Margie: Okay, so there’s a couple. Activity is a big thing and it scares me with our kids today who many of them are just more sedentary or they’re working on the computer and they’re just not getting out. Because the way that bones builds and gets strong is through forces placed upon them. What that is in terms of jumping, forces through the bones against gravity. Being on the jungle gym, jumping and doing all those activities that we did, that kids do in just playing is giving forces that say, “Hey, we need bone here.”

Because they’ve done studies showing here when people are on bedrest or they’re not exercising, they lose bone. On bedrest you can lose almost 1% of your bone per week. For kids, there’s a huge difference in activity levels. They’ve shown tennis players, their one arm has much higher bone density, gymnasts have much higher bone density than other people.

We need that, we need those forces as we’re growing really to develop normal bone. That’s what we want. It’s the one thing, the exercise and the activity. Unfortunately, there are kids who just don’t do that. Then the second thing is the diet. You need the nutrients. We need calcium, we need magnesium, we need all the, from the rainbow. We need those bone-building nutrients as well as protein, good quality protein and what blocks the absorption of many of those nutrients is sugar and the junk food. I think depending on the diet, if you’re not getting the nutrients, you’re just not having the building blocks for good healthy bones as you get older.

Ari: If you were going to say that there’s one dominant factor in explaining the epidemic of bone density issues, what would you say is the single most important factor? Would it be nutrition or would it be what you were just talking about, these forces acting on the bones?

Margie: I have to say it’s both. I really can’t say it’s one versus the other because you can improve bone density through doing both. Exercise, as a physical therapist, I’ve been working with this for over 25 years and there are people that don’t change anything. I’d like them to change everything and just increase their exercise and they can improve their bone density. You can certainly lose bone density if you’re not exercising. I have to say, it’s a combination. I think both can really be very, very, it can be very negative and both can have effects.

The key thing is you have to get to the underlying cause. If you have inflammation from some process going on, let’s just say gluten or celiac, you have to deal with that because you can still be losing bone and then, there’s even other issues like parathyroid tumors that can happen that. One thing I would say, I’m sorry, I can’t say one if there was just one to do because– and the same thing even with stress. I just like to do a combination of everything because you really need that for a good comprehensive program. You really need the mind, body, spirit and the exercise, nutrition as well as reducing stress.

The connection between bone health and mental health

Ari: You’re a certified happiness trainer in addition to being a bone health expert and a physical therapist. How would you explain the tie-in between our mental states and our happiness and bone health? Is there a significant tie-in, is there evidence that speaks to this? Is there maybe evidence around depression increasing the propensity for osteopenia and or osteoporosis?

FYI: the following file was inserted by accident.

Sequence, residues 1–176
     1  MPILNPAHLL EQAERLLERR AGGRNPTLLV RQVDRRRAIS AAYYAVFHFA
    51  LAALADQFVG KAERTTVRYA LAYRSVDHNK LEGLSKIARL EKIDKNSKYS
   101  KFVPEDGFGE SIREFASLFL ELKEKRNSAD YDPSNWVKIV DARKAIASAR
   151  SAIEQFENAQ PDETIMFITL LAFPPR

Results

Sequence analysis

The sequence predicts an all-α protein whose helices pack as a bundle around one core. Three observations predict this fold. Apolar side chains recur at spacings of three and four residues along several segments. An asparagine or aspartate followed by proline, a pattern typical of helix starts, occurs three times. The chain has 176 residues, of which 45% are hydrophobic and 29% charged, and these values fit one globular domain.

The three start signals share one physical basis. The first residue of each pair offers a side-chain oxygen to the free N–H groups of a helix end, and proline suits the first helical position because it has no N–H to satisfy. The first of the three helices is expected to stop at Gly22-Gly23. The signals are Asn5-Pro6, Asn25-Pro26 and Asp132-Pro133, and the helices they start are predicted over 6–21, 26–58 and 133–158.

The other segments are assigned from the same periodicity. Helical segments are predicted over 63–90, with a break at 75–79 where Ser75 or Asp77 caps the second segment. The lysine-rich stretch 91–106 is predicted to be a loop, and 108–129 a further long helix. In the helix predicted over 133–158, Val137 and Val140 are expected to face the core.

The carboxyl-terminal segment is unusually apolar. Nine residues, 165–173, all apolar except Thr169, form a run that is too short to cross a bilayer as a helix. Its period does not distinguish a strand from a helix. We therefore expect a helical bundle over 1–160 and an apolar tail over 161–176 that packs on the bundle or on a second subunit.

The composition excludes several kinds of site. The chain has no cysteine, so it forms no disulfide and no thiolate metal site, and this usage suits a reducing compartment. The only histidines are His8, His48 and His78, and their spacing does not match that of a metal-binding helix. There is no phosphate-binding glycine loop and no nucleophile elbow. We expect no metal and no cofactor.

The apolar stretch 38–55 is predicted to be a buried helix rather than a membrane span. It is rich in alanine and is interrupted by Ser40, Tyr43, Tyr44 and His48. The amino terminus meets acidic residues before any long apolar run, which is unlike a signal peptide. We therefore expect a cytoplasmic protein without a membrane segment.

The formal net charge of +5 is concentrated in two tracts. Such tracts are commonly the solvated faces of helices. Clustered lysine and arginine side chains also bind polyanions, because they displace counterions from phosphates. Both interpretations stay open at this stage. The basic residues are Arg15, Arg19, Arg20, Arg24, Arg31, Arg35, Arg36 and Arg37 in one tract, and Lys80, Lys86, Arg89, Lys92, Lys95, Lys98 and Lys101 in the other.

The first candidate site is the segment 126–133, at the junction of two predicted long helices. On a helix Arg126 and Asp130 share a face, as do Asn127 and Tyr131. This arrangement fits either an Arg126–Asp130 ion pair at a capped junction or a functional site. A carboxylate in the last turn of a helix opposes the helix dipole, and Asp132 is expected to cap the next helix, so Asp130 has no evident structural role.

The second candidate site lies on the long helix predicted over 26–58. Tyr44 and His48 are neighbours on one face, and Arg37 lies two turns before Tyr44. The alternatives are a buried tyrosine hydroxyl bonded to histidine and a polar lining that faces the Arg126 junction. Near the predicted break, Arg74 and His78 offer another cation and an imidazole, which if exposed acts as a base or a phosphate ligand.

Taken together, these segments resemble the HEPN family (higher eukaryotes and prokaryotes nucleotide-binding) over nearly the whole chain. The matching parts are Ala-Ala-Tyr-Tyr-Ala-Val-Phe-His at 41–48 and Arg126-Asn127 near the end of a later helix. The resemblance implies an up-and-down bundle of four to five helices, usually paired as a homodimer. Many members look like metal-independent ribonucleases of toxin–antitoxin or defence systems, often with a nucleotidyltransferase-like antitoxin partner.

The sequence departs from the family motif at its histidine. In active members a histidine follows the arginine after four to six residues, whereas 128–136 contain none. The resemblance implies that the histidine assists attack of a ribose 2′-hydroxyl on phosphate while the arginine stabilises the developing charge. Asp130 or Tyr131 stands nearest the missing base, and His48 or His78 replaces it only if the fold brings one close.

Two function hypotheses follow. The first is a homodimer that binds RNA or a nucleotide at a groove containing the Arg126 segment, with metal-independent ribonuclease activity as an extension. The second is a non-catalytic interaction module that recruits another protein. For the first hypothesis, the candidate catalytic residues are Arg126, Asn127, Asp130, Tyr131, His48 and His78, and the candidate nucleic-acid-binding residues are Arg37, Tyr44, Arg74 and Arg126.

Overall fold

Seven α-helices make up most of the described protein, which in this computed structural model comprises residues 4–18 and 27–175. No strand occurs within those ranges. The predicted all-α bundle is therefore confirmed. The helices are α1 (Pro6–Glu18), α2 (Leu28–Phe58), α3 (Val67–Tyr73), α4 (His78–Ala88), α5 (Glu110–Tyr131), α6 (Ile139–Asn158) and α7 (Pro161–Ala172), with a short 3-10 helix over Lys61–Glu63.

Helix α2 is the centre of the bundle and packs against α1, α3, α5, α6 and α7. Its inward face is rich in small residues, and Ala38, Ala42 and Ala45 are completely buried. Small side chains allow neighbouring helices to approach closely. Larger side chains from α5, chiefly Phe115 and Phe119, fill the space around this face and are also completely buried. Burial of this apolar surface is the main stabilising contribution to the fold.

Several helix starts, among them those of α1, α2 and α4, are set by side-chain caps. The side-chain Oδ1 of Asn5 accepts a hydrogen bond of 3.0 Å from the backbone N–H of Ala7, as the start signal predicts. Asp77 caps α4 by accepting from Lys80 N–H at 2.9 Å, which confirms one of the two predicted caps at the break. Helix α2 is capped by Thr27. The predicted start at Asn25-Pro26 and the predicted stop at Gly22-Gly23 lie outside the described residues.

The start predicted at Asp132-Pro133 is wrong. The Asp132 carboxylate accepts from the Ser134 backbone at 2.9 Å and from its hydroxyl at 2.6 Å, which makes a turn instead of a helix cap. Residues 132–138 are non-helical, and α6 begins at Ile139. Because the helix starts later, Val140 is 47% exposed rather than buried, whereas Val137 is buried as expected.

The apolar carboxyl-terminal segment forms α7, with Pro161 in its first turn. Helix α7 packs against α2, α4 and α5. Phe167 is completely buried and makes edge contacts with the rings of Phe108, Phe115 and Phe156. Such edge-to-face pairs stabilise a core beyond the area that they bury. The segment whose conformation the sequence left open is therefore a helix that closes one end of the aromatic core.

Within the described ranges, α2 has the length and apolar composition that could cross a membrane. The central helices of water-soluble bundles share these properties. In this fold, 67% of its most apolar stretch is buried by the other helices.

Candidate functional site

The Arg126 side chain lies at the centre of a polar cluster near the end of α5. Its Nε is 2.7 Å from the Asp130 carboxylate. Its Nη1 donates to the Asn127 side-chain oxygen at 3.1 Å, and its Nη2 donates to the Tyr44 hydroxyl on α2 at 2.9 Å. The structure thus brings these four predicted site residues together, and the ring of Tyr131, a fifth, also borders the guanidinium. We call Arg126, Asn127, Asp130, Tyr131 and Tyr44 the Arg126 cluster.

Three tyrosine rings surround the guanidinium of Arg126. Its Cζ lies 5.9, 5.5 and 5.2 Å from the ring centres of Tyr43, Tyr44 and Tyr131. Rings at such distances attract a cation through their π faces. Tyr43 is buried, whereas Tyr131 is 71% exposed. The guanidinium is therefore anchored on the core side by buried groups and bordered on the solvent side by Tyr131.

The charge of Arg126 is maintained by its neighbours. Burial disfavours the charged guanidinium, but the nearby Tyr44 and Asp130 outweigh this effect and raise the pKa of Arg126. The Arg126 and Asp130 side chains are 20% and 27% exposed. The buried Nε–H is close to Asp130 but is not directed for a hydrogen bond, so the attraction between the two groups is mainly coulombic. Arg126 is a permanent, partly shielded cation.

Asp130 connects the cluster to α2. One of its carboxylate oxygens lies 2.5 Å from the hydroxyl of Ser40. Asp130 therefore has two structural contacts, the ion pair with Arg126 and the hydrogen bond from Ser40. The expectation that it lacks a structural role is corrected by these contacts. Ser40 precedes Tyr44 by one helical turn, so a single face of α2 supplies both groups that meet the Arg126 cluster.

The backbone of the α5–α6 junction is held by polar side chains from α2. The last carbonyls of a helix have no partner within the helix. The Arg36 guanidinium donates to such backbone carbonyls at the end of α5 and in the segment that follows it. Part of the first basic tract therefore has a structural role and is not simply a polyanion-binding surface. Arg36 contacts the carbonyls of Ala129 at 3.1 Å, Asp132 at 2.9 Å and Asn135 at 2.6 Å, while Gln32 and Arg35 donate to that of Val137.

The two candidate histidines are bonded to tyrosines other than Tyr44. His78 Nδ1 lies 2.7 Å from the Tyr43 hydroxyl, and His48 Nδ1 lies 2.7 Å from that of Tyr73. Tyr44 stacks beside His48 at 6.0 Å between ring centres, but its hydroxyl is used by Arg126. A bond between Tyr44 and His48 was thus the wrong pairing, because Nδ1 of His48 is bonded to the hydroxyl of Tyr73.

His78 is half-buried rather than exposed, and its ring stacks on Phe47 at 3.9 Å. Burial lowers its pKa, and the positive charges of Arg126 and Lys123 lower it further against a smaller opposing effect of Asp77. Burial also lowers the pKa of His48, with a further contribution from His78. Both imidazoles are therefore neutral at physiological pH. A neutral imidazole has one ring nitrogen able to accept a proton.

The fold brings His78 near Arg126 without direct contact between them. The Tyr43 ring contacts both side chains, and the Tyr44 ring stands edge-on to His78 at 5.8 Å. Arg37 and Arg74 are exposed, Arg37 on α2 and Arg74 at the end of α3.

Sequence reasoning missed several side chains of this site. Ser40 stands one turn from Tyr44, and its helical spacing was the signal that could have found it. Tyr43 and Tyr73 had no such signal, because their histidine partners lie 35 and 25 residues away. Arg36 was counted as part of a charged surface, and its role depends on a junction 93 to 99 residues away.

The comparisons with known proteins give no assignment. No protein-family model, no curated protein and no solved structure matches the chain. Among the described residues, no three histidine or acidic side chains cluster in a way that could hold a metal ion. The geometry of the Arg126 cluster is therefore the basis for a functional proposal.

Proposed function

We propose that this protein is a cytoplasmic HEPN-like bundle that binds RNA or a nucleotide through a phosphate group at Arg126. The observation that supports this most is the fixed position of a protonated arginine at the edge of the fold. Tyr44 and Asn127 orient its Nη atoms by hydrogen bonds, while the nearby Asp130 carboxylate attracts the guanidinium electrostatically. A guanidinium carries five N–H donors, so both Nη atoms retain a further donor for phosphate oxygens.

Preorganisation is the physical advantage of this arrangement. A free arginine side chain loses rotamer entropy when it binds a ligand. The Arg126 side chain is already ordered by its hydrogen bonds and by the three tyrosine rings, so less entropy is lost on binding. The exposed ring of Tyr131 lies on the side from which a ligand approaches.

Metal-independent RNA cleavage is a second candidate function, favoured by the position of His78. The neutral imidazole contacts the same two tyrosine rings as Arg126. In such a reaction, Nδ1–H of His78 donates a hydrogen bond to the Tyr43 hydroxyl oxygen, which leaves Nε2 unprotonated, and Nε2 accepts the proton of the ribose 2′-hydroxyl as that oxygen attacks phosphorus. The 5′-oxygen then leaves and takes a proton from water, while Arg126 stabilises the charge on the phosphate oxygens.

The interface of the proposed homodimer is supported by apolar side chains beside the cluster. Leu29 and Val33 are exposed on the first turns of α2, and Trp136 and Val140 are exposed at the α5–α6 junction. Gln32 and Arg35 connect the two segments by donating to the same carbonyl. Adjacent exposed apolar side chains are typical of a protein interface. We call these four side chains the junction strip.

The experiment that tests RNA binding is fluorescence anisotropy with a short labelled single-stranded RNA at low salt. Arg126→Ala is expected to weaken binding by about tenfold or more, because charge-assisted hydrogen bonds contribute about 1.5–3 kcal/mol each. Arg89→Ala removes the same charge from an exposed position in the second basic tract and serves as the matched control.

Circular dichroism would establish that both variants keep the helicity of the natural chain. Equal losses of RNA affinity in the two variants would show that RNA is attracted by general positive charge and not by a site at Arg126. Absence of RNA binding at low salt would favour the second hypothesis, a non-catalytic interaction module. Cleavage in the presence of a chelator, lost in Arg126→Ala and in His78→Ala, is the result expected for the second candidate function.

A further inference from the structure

If so, do you think it’s mediated more by the mind-body connection in the sense of being unhappy leads to increased cortisol, which is, as you said earlier, decreasing these bone fibroblasts and bone production? Or is it mediated maybe more by the fact that depressed people are less likely to be physically active or what other dimensions of maybe the happiness bone connection have you explored?

Margie: Well, first of all, in the research, there is a connection between people who are satisfied with their life and happier have increased bone density. They’ve made a correlation with that. In terms of the research, in terms of stress, they have shown that there’s actually been studies showing that increased cortisol has reduced bone density, also even social stress has reduced bone density. There have been studies in humans as well as animals showing this correlation with the cortisol and reducing the activity of the osteoblasts. There is the research.

What I’ve seen in my experience is, I’ve started– Oh gosh, this is back almost over 35 years ago as a physical therapist, I had gone through a bad situation and my patients, I was working with chronic pain and they were telling me, “You’re so happy.” I thought, gosh, if they only knew what I’d gone through, they wouldn’t say that. It hit me how happiness was an inside job and it wasn’t based on your external circumstances.

I just started teaching, I said, “What the heck? They’re so unhappy. They were just like the most miserable people. What helped me, and I just couldn’t get over how chronic pain got better faster, it was just amazing how back pain, neck pain, TMJ things got better so much quicker than traditional physical therapy. It’s been part of what I’ve done for as I said, over 35 years, I’ve been part of everything.

I think it’s a combination. I think yes, there’s the scientific with the cortisol and when you’re happier, you have different hormones going on in your body as well and the reduced stress. I also do think sure, when you’re feeling happier, you’re much more likely to be involved in an exercise program. You’re much more likely to be aware of what you’re eating and eating food that’s better for your body as well as just doing all the things that are going to help build bone.